Many babies start babbling around 3-6 months of age. The earliest baby babbles might sound like "cooing," and then shortly after, babies begin to experiment with combining vowel sounds and consonant sounds.

Here is a simple look at a timeline of your baby's babble:

  • Around 2 months: Infants begin to "coo"

  • Around 4 to 6 months: The time baby will most likely start babbling

  • Around 7 to 12 months: Babbles begin to sound like real words

  • Around one year old: Your baby's babbles turn into real words and speech

When your baby becomes a toddler, they still have a long way to go before they learn communication patterns that are complicated or learn proper grammar. However, the transition from cooing to babbling is a major step for your little one to start talking.

Most babies "coo" with just vowel sounds (lots of "ooh" or "aah" type sounds). After that stage, you'll notice your baby begin to experiment with consonants. By 6 months of age, parents will notice their baby's development includes lots of babbling noises.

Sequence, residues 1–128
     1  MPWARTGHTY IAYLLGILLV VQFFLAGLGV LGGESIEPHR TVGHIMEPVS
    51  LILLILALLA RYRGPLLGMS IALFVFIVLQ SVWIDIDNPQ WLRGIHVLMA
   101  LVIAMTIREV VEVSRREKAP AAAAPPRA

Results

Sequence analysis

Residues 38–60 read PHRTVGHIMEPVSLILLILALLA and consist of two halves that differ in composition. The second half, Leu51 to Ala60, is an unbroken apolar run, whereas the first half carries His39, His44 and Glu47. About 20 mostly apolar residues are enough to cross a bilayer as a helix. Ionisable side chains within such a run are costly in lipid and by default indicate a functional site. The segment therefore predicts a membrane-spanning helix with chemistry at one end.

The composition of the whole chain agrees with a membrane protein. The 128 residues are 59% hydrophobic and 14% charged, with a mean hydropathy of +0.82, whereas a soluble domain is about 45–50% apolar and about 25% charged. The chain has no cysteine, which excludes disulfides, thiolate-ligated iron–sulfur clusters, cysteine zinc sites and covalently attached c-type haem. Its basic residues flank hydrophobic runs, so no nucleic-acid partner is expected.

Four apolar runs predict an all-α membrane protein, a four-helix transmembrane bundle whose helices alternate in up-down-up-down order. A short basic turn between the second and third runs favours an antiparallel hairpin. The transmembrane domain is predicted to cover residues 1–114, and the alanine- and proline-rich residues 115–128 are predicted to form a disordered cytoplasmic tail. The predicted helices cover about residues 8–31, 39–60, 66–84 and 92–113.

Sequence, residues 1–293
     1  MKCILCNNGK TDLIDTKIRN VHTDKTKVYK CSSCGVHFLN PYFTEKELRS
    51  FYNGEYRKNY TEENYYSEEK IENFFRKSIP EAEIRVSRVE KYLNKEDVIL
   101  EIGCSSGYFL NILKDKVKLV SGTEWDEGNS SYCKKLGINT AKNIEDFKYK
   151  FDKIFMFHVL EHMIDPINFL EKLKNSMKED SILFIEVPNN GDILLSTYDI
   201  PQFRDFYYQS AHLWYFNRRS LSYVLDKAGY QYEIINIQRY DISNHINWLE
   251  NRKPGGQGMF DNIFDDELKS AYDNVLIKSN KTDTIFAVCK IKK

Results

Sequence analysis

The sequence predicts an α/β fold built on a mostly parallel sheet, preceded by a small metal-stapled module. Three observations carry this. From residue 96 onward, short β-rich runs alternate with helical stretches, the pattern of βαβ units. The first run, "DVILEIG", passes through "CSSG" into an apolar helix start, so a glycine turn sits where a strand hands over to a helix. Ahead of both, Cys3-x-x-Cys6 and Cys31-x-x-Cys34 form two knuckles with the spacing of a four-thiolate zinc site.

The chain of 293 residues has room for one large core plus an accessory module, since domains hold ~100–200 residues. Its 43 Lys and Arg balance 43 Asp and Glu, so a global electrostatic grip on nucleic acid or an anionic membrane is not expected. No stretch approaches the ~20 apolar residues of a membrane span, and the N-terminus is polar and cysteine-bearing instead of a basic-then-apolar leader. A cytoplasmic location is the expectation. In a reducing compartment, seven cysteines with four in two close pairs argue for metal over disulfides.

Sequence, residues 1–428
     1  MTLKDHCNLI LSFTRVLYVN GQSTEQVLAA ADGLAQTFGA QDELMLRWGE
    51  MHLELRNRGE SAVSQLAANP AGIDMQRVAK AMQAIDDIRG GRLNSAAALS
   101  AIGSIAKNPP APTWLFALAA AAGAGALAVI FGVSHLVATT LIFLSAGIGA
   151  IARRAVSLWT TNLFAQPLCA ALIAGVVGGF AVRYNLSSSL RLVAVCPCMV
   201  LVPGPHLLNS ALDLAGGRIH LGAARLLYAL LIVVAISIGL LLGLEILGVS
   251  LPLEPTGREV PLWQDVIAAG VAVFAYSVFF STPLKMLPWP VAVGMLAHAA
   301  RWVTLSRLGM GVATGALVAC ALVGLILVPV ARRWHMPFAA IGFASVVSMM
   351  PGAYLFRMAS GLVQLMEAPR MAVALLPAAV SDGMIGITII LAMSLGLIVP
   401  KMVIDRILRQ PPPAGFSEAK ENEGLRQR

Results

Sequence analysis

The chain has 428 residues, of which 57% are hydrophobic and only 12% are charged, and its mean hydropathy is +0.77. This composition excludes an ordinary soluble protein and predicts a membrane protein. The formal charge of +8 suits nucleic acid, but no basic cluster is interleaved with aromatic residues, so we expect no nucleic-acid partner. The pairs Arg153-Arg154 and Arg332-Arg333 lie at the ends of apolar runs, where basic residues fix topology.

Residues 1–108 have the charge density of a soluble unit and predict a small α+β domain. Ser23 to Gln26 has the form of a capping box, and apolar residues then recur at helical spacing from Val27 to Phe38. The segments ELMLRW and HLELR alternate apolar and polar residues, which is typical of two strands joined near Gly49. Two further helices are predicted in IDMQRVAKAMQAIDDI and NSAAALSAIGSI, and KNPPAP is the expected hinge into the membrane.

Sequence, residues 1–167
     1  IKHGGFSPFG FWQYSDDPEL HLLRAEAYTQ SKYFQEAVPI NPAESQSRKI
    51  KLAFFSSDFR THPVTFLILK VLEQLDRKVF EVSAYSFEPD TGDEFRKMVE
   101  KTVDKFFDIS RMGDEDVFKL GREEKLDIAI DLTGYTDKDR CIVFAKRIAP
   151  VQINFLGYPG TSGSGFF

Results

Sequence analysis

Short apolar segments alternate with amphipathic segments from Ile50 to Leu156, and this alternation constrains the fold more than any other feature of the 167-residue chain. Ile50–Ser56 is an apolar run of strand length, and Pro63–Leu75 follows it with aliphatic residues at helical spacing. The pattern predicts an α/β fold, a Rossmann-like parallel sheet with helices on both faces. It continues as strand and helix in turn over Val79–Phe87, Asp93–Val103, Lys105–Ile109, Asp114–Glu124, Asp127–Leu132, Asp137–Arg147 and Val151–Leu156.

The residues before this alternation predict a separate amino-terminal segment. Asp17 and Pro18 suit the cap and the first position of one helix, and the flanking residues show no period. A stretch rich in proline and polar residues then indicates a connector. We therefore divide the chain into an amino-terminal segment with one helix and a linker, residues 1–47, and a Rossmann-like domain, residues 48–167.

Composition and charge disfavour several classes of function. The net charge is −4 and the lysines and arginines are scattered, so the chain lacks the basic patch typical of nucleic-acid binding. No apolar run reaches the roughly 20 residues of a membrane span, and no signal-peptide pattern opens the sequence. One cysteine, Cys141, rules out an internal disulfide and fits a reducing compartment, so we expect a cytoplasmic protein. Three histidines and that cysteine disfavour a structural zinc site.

How Caregivers Can Encourage Baby To Babble 

baby learning to speak

Phrases like “all babies do things when they're ready” are true, but parents can encourage babbling and potentially help their children along. Here's how to help your baby babble.

1. Show them what talking sounds like

Some babies start babbling on their own, but in many cases, parents show them what talking sounds like. Caregivers are their baby's first teacher, and the more they talk and show eye contact to their baby, the better their little one's language skills will be.

2. Have a "conversation"

Talking is a two-way road! Paying attention to your little ones' vocalizations can really help their ability to speak words.

Even if your little one just says things like "ma ma" or "a da" or "a ga," imitating their "words" can encourage them to keep trying. Use real language when speaking to your baby: teach them what speech sounds like.

3. Learn with music